From the beginning, Christian Revelation has viewed the spiritual history of man as including, in some way, all religions, thereby demonstrating the unity of humankind with regard to the eternal and ultimate destiny of man. The Council document speaks of this unity and links it with the current trend to bring humanity closer together through the resources available to our civilization. The Church sees the promotion of this unity as one of its duties...The words of the Council recall the conviction, long rooted in the Tradition, of the existence of the so-called semina Verbi (seeds of the Word), present in all religions...In another passage the Council says that the Holy Spirit works effectively even outside the visible structure of the Church (cf. Lumen Gentium 13), making use of these very semina Verbi, that constitute a kind of common soteriological root present in all religions.

I have been convinced of this on numerous occasions, both while visiting the countries of the Far East and while meeting representatives of those religions, especially during the historic meeting at Assisi, where we found ourselves gathered together praying for peace.

Thus, instead of marveling at the fact that Providence allows such a great variety of religions, we should be amazed at the number of common elements found within them...
"

- Blessed Pope John Paul II, Crossing the Threshold of Hope
Saint Paul had a similar understanding. The Bible confirms this, in the apostle Paul's speech before the Areopagus (legislative and debating forum) in the Greek city of Athens, the intellectual capital of the first century Roman Empire, in Acts chapter 17:

Quote:
"...While Paul was waiting for them in Athens...some Epicurean and Stoic philosophers debated with him. Some said, "What does this babbler want to say?" Others said, "He seems to be a proclaimer of foreign divinities." (This was because he was telling the good news about Jesus and the resurrection.) So they took him and brought him to the Areopagus and asked him, "May we know what this new teaching is that you are presenting? It sounds rather strange to us, so we would like to know what it means." Now all the Athenians and the foreigners living there would spend their time in nothing but telling or hearing something new. Then Paul stood in front of the Areopagus and said, "Athenians, I see how extremely religious you are in every way...The God who made the world and all things in it, since He is Lord of heaven and earth, does not dwell in temples made with hands; nor is He served by human hands, as though He needed anything, since He Himself gives to all people life and breath and all things; and He made from one blood every nation of mankind to live on all the face of the earth, having determined their appointed times and the boundaries of their habitation, so that they would search for God and perhaps grope for him and find him - though indeed he is not far from each one of us. For 'In him we live and move and have our being'; as even some of your own poets have said, 'For we too are his offspring.' Being then the children of God, we ought not to think that the Divine Nature is like gold or silver or stone, an image formed by the art and thought of man..."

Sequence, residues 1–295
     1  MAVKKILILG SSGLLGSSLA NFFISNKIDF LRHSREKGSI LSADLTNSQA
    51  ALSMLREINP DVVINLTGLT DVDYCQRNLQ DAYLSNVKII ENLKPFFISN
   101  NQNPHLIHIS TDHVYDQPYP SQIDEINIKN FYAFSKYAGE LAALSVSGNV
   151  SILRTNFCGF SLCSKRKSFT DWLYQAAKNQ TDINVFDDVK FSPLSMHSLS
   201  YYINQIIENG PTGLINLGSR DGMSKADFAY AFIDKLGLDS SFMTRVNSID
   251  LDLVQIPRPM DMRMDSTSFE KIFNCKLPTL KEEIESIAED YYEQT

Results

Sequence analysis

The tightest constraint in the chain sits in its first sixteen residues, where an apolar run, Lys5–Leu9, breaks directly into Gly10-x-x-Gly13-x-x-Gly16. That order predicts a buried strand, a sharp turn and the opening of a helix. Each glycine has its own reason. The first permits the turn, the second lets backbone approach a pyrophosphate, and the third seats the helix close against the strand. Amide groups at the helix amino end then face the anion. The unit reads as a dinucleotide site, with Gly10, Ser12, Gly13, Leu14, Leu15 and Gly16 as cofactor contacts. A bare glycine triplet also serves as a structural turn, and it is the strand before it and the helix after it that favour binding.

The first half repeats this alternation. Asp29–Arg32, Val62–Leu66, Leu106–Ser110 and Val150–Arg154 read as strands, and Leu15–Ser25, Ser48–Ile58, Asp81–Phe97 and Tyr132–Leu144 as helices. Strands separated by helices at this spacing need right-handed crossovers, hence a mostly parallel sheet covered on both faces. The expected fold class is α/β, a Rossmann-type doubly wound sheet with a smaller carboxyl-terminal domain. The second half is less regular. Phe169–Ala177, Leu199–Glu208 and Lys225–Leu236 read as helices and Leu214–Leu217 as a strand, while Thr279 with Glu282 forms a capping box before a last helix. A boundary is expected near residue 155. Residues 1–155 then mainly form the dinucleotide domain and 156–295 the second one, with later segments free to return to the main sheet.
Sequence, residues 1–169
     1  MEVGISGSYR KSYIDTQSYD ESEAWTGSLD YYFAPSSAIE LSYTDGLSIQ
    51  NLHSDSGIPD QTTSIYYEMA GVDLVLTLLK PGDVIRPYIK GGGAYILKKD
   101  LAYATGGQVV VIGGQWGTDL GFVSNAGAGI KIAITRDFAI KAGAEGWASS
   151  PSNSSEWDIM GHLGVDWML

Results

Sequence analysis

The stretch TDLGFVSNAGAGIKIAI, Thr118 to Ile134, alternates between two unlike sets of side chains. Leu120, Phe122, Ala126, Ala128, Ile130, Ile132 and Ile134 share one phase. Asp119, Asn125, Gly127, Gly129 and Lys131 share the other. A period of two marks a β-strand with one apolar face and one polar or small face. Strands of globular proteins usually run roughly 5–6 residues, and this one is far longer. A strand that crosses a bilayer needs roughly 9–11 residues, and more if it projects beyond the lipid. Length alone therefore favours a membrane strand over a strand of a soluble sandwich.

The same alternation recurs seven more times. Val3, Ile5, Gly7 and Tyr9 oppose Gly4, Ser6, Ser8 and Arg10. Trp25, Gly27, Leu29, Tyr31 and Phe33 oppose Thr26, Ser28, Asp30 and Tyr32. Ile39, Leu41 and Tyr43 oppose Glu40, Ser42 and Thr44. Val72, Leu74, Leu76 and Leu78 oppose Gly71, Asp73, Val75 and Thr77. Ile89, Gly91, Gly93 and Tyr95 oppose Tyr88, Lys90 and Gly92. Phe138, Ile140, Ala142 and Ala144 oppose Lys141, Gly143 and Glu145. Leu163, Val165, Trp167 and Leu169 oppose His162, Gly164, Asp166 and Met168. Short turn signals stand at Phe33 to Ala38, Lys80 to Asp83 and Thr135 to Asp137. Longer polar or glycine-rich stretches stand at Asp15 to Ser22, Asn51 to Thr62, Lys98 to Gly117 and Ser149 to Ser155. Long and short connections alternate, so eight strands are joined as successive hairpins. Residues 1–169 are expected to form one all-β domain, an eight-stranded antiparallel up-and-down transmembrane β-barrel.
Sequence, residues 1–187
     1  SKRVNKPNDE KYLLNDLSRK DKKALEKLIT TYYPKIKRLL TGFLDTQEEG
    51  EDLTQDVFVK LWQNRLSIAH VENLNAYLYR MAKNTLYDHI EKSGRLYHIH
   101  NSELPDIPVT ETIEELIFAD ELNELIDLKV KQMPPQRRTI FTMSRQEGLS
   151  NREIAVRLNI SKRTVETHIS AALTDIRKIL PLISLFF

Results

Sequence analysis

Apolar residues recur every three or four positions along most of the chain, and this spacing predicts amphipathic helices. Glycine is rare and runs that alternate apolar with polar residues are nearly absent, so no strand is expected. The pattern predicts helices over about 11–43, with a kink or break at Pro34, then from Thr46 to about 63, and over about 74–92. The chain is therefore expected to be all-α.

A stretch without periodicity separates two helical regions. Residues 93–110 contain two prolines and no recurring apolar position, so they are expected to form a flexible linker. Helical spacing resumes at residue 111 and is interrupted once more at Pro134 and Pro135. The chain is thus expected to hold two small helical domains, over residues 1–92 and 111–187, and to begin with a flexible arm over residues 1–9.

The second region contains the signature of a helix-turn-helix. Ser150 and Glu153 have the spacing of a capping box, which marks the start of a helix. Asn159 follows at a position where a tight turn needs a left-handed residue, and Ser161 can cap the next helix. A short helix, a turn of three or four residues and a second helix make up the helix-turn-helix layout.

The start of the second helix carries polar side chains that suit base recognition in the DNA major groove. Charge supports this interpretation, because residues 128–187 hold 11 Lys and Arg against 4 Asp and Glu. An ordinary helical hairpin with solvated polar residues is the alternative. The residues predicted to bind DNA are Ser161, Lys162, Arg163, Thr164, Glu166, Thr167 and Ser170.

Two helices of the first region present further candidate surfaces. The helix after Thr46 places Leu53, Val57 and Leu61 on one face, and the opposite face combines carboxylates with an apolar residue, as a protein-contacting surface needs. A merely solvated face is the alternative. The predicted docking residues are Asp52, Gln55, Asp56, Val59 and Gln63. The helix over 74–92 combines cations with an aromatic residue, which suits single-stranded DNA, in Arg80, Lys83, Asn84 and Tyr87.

This passage tells us that God in his plan of salvation "determined their appointed times and the boundaries of their habitations" and that he did this so that these different peoples, with very different religious beliefs "would seek God" and actually find Him and arrive at an understanding of the Truth. To show the Athenians that they actually worship the same God as Paul - a Jew - and to prove that God inspired elements of the Greek polytheistic religion and Greek philosophy, Paul quotes from two pre-Christian Greek poets Aratus and Epimenides. These inspired men taught that:

1. In God every person "lives and moves and has their being"
2. That we are all children of God

The teachings of Greek philosophers are thus part of the Holy Scriptures of Christianity through their quotation by Paul in the Book of Acts.

So I disagree with you on this one Susan. Paul and the Church had a positive view of Greek philosophy, with the exception of say Tertullian (who became a Montanist), as Saint Thomas Aquinas explained: